U.S. Lifts Final COVID Travel Restriction, Mandates Vaccination for Foreign Arrivals

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International passengers traveling to the United States no longer have to show proof of vaccination against COVID as of midnight Thursday, when the coronavirus health emergency officially ended. The Biden administration dropped its requirement for coronavirus testing last June but kept in place its vaccination policy for foreign travelers. In February, the House of Representatives voted to end the last remaining pandemic restrictions on May 11. “As we continue to monitor the evolving state of Covid-19 and the emergence of virus variants, we have the tools to detect and respond to the potential emergence of a variant of high consequence,” President Biden said in a proclamation published on May 1. “Considering the progress that we have made, and based on the latest guidance from our public health experts, I have determined that we no longer need the international air travel restrictions that I imposed in October 2021,” he added.

For 18 months during the height of the pandemic, the U.S. closed its borders to international travelers, separating families and costing the global travel industry billions of dollars. In November 2021, those restrictions were eased, and international travelers were welcomed back to the United States with great fanfare. But foreign travelers were still required to be vaccinated and take a coronavirus test within three days of travel to all U.S. ports of entry. When the administration dropped its testing rule in June last year but kept vaccinations in place, it argued that they were still necessary to slow the spread of new variants of the virus entering the country.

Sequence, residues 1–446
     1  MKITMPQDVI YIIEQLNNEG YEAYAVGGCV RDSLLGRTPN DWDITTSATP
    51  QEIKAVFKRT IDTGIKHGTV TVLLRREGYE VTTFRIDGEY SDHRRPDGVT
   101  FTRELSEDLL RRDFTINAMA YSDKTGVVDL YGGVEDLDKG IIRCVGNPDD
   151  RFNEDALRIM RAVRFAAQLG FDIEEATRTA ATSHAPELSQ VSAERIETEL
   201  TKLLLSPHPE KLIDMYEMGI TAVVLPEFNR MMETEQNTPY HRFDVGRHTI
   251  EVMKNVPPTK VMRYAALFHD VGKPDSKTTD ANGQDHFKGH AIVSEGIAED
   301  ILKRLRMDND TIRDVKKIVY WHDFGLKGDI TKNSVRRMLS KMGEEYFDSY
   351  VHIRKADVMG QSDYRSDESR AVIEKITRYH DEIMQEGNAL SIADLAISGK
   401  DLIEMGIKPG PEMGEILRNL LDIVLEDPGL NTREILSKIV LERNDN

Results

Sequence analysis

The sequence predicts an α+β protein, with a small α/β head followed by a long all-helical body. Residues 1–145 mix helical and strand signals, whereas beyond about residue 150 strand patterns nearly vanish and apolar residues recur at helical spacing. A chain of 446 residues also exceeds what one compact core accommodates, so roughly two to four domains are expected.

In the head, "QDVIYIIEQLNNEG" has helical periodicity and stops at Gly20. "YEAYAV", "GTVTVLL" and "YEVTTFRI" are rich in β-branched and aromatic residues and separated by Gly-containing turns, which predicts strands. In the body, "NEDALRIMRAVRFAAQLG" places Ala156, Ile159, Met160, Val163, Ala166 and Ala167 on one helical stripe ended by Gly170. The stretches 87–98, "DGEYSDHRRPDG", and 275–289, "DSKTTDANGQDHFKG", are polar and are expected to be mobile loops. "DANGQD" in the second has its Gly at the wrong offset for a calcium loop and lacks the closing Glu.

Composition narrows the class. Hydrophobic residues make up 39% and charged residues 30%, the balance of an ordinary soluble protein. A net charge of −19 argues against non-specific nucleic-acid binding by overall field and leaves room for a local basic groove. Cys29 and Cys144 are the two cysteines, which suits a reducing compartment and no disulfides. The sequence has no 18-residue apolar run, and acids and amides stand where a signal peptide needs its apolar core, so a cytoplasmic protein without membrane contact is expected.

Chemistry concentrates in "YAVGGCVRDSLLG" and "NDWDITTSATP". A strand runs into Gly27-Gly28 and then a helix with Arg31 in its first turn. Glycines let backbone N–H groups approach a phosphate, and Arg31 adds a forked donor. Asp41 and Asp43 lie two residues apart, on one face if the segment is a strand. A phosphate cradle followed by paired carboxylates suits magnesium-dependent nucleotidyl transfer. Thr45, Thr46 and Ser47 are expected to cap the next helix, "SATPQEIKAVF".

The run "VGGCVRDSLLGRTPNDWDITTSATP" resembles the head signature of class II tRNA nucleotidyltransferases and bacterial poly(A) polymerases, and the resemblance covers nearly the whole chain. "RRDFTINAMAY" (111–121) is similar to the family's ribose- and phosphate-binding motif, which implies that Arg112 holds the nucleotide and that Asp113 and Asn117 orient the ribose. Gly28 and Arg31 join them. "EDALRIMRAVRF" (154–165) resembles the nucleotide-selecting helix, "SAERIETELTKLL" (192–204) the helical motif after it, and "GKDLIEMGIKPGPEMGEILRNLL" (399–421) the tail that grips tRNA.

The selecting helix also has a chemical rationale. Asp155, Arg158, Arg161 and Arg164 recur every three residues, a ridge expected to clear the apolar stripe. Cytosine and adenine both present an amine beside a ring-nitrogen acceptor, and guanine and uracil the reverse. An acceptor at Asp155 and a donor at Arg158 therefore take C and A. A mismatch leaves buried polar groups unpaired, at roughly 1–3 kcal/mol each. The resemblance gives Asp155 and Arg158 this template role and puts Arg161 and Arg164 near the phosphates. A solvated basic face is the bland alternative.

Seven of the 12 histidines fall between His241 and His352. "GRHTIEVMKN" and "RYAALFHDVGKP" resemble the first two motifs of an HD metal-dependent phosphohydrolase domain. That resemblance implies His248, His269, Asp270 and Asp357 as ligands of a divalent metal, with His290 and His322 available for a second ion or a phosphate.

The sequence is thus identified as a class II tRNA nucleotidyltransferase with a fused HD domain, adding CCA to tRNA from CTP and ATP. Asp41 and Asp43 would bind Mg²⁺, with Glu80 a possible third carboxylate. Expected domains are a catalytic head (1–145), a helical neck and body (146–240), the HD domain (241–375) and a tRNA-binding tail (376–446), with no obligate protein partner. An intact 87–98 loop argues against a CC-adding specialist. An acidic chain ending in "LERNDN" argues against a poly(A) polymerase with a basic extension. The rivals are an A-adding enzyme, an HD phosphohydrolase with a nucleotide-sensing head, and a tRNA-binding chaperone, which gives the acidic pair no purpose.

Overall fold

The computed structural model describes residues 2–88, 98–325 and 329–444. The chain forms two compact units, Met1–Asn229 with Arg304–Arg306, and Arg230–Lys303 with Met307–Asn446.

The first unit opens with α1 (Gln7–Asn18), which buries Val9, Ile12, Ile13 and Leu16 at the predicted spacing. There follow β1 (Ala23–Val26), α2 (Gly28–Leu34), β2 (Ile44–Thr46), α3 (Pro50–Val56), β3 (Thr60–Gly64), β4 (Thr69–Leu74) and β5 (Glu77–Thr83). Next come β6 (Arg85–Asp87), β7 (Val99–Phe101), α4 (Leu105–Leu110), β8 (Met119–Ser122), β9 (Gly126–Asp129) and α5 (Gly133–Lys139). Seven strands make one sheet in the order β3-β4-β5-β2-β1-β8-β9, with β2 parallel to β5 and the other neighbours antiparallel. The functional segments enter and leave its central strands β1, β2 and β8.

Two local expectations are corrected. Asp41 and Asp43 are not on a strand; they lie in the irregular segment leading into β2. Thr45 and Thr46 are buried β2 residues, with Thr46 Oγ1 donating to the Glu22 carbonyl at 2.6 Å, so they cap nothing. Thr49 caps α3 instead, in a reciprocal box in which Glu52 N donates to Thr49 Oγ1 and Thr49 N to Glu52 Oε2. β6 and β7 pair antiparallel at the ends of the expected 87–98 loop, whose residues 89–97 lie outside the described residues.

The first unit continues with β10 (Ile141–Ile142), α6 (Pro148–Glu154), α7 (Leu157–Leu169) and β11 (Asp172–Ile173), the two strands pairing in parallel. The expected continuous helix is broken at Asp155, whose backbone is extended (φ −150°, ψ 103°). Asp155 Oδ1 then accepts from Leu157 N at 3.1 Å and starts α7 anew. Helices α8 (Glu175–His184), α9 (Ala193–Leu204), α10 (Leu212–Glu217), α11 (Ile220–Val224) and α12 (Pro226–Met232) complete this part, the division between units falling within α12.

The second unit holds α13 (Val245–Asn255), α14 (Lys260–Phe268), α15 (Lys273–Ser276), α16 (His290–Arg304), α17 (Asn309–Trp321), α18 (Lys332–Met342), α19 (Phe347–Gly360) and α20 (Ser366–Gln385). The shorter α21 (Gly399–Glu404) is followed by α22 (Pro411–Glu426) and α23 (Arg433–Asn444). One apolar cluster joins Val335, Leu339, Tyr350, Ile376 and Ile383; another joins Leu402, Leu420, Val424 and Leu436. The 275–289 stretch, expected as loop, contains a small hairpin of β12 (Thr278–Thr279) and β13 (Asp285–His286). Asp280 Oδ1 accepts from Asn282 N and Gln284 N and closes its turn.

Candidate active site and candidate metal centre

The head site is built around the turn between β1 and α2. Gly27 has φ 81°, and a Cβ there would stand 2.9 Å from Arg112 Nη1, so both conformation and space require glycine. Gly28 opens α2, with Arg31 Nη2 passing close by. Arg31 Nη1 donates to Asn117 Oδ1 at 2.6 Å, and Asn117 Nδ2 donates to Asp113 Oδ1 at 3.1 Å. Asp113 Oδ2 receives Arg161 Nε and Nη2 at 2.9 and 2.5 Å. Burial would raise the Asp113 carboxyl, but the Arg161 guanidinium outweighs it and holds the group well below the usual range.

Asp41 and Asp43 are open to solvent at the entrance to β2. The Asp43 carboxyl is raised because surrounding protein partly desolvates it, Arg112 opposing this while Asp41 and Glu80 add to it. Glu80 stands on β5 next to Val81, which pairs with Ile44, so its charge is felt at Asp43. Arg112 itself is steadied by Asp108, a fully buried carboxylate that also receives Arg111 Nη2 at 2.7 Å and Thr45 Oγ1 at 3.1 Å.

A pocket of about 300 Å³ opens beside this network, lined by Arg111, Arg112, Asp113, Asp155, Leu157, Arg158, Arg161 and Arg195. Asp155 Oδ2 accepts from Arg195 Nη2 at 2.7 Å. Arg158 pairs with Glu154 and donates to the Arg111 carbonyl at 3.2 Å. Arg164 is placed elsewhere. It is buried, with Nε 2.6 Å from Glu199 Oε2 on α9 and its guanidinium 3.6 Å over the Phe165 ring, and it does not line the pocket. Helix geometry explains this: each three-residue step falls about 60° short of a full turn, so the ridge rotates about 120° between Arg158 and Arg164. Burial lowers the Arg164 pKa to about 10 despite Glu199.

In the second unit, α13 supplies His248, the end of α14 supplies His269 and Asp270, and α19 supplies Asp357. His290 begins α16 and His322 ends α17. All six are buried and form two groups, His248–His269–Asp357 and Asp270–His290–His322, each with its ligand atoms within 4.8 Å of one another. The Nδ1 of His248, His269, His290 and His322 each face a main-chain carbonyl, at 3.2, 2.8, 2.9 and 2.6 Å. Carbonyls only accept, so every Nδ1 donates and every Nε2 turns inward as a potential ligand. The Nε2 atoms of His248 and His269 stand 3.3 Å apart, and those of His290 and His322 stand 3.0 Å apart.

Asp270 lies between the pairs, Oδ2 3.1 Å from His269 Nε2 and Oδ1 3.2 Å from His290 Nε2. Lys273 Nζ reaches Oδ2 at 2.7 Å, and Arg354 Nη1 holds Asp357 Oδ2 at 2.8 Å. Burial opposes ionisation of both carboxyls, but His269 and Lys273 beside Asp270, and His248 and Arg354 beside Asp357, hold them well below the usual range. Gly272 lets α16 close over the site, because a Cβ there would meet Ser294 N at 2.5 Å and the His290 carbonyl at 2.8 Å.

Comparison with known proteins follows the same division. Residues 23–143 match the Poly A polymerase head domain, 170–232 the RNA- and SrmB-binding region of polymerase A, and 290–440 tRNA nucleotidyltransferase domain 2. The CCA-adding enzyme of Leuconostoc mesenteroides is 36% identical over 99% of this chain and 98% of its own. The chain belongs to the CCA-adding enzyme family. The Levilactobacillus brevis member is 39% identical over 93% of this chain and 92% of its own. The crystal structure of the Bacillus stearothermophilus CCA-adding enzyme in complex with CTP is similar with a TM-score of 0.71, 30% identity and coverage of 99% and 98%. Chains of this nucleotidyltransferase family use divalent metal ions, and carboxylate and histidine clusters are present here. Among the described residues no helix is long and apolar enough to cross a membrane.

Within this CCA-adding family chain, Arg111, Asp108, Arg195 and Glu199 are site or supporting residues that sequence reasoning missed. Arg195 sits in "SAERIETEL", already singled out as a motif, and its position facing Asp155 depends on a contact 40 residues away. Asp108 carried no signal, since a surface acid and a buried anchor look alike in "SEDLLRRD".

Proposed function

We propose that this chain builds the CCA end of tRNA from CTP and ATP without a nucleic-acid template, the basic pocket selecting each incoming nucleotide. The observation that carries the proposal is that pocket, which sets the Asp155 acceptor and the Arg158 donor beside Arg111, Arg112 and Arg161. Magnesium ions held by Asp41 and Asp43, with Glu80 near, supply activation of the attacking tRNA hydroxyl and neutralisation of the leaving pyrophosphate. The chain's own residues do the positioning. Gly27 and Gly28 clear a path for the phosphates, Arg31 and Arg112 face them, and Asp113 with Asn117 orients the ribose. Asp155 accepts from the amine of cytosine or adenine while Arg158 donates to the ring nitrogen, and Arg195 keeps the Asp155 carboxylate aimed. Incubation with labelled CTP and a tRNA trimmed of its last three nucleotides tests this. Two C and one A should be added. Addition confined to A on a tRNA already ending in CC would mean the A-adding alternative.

As of last summer, the U.S. was one of the few remaining countries to maintain coronavirus travel restrictions, causing many travelers to choose alternative destinations that welcomed them unconditionally.


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